White Chicks

Investigative journalism is my passion!
Keenen Ivory Wayans
Shawn Wayans, Marlon Wayans, Jamie King, Frankie Faison, Terry Crews
The Setup: 
Two black guys pose as Hamptons white women for some reason or other.

If writing movie reviews at the airport is my favorite circumstances, my second favorite might be traveling on a train through Europe. I am now on my way to Brussels from Amsterdam, and what better time to consider one of the Wayans' brothers contributions to world culture, White Chicks. I actually vaguely wanted to see this since it came out, since the idea of black men making fun of uptight white women sounded funny. This movie got awful reviews when it was out, saying it was dumb and juvenile, one of those times you want to say "Hi, um, did you know you were watching a movie by the Wayans brothers called White Chicks?" It ain't gonna be Anna Karenina.

We open in a bodega with these two outrageous charicatures of Puerto Ricans that we soon realize are the Wayans' in disguise. These thuggy-lookin' guys come in saying they have the vanilla ice cream [i.e. the cocaine], and after some amusing mugging as Puerto Ricans, the Wayans' beat the guys up. Then--you'll never believe this--the REAL drug dealer comes is, and they realize that they beat up the real ice cream man! Oh boy, is that funny. Looking back now, isn't it kind of incredible that there was a time, say around the time of Beverly Hills Cop, where this stuff was kind of new? This one here is indeed followed by the scene in which their police supervisor threatens to take their badges.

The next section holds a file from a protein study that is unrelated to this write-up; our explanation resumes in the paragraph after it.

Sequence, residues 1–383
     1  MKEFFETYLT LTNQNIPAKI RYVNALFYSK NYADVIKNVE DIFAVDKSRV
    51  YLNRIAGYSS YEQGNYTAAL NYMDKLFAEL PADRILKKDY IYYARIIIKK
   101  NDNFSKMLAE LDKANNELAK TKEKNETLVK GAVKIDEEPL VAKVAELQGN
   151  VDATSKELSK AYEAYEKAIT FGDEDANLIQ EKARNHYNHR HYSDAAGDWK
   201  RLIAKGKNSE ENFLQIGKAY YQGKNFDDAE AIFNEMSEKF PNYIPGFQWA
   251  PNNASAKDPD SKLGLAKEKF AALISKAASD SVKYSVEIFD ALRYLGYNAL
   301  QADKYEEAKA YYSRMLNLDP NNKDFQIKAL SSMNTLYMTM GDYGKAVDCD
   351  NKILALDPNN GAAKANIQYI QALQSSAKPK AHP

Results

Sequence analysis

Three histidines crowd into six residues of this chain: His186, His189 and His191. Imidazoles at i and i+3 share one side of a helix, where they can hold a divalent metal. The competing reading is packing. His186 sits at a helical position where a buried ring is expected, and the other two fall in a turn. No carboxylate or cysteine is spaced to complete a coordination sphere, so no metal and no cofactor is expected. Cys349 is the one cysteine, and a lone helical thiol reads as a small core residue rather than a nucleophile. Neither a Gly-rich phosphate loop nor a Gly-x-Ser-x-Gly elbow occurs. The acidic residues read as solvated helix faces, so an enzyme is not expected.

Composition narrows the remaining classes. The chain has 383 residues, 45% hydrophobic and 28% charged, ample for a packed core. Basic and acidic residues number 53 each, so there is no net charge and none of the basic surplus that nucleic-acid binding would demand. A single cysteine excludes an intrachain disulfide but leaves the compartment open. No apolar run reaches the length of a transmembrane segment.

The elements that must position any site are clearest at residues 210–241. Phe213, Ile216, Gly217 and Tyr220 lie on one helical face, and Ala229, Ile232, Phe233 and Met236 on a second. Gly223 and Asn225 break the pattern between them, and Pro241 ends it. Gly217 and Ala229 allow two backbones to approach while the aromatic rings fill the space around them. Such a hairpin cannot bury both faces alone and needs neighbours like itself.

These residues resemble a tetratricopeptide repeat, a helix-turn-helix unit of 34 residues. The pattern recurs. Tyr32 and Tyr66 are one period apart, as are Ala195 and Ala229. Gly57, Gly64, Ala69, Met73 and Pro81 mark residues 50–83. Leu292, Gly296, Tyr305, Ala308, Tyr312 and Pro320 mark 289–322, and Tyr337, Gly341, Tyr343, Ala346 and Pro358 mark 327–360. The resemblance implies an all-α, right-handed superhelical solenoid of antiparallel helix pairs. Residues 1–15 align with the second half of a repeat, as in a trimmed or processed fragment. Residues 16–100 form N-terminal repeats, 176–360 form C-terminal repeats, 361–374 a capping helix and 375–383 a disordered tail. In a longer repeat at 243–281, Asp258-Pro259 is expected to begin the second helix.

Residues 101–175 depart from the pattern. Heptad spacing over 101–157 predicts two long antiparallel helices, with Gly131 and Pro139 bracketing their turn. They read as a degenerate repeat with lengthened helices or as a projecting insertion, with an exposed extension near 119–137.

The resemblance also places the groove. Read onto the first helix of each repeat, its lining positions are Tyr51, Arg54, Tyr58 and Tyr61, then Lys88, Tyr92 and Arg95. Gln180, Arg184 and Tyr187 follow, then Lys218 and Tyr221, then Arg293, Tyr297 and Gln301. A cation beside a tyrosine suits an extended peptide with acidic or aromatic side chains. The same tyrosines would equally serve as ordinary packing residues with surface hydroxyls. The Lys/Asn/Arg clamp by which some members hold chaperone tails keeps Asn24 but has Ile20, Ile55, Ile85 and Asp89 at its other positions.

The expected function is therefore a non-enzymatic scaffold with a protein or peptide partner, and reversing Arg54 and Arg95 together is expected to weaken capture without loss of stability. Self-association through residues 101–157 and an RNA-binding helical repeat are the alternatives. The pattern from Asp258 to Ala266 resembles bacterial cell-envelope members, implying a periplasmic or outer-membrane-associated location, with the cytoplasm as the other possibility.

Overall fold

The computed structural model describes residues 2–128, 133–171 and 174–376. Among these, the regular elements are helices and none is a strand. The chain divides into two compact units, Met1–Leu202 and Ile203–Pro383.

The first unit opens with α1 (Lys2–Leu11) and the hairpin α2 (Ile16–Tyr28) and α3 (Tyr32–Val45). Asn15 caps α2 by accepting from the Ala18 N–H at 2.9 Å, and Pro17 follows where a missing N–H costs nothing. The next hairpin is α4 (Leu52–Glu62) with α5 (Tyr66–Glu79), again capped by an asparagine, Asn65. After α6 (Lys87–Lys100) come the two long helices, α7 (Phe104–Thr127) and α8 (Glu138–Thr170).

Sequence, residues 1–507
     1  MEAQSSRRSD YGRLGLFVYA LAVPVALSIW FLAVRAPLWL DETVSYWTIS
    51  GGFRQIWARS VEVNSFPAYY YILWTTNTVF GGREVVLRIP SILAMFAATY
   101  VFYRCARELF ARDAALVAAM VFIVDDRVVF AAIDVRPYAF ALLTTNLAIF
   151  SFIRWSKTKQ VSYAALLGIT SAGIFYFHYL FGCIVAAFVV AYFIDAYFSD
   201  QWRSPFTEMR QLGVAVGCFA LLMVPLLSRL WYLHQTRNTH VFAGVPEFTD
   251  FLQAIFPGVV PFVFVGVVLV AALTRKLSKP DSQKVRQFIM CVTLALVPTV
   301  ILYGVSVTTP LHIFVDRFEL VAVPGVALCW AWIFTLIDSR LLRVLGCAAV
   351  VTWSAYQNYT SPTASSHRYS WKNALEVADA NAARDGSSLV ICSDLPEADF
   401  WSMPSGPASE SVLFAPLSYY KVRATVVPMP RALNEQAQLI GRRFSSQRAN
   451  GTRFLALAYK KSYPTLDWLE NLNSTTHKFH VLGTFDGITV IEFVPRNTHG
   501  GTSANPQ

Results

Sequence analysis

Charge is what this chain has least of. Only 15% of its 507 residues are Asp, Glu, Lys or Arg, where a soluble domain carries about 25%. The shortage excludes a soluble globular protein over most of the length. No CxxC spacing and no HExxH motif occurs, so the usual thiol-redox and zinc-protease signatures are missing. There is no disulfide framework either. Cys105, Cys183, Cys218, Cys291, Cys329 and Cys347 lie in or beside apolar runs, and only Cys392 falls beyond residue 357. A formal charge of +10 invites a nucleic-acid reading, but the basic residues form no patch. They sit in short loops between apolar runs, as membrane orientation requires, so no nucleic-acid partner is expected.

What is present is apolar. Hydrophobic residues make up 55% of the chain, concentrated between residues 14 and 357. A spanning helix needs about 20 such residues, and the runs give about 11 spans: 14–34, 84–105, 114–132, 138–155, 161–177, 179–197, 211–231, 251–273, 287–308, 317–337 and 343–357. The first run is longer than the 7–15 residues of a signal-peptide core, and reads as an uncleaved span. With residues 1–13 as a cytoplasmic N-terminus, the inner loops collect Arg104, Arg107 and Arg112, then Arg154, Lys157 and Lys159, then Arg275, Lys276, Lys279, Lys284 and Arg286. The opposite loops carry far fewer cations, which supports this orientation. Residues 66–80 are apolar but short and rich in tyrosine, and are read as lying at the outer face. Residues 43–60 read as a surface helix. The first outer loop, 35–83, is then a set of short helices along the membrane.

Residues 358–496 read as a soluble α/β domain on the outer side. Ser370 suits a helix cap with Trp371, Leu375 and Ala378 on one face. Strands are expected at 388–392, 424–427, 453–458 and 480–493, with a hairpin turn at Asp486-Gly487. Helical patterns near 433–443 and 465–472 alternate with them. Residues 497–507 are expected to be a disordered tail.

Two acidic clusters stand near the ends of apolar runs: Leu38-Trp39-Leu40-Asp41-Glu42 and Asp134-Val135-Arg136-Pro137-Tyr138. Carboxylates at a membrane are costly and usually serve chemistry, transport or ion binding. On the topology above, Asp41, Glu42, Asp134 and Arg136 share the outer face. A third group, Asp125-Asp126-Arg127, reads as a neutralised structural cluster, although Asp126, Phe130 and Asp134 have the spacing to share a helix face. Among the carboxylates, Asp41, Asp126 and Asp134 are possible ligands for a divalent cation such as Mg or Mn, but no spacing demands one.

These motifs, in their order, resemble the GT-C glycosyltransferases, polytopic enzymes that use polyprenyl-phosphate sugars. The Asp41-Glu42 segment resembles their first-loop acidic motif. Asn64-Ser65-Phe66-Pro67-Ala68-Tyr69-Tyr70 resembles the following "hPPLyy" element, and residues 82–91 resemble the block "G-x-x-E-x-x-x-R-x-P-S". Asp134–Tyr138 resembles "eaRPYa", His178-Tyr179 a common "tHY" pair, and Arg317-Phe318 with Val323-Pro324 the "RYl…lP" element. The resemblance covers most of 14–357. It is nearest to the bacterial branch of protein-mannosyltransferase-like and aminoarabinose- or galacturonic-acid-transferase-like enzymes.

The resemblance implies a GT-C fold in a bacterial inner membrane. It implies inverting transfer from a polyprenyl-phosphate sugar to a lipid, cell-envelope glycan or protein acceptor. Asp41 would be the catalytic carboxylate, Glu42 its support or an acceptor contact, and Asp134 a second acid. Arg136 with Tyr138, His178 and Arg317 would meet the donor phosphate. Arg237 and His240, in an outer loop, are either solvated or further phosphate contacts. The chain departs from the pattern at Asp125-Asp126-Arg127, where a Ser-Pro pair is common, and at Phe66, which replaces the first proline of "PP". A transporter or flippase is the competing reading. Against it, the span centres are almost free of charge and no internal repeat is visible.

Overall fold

So then Marcus, played by Marlon Wayans, goes home to his wife, who is comically obsessed that he's cheating. He is 8 minutes late from work, and she says she checked MapQuest and it should only take 6 minutes, so he should just admit he has a woman on the side. Back at work, they are put on the socialite kidnapping case, and have to pick up these two blonde sisters who the FBI believes will be kidnapped that weekend. On the way back, they have a minor car accident, which causes the women to have tiny cuts on their face, meaning they couldn't possibly go to the Hamptons. Well, there's only one solution, right? Obviously the guys have to don extensive makeup and costumes and pretend to be the women for the weekend, right? I mean, that really is the most logical alternative.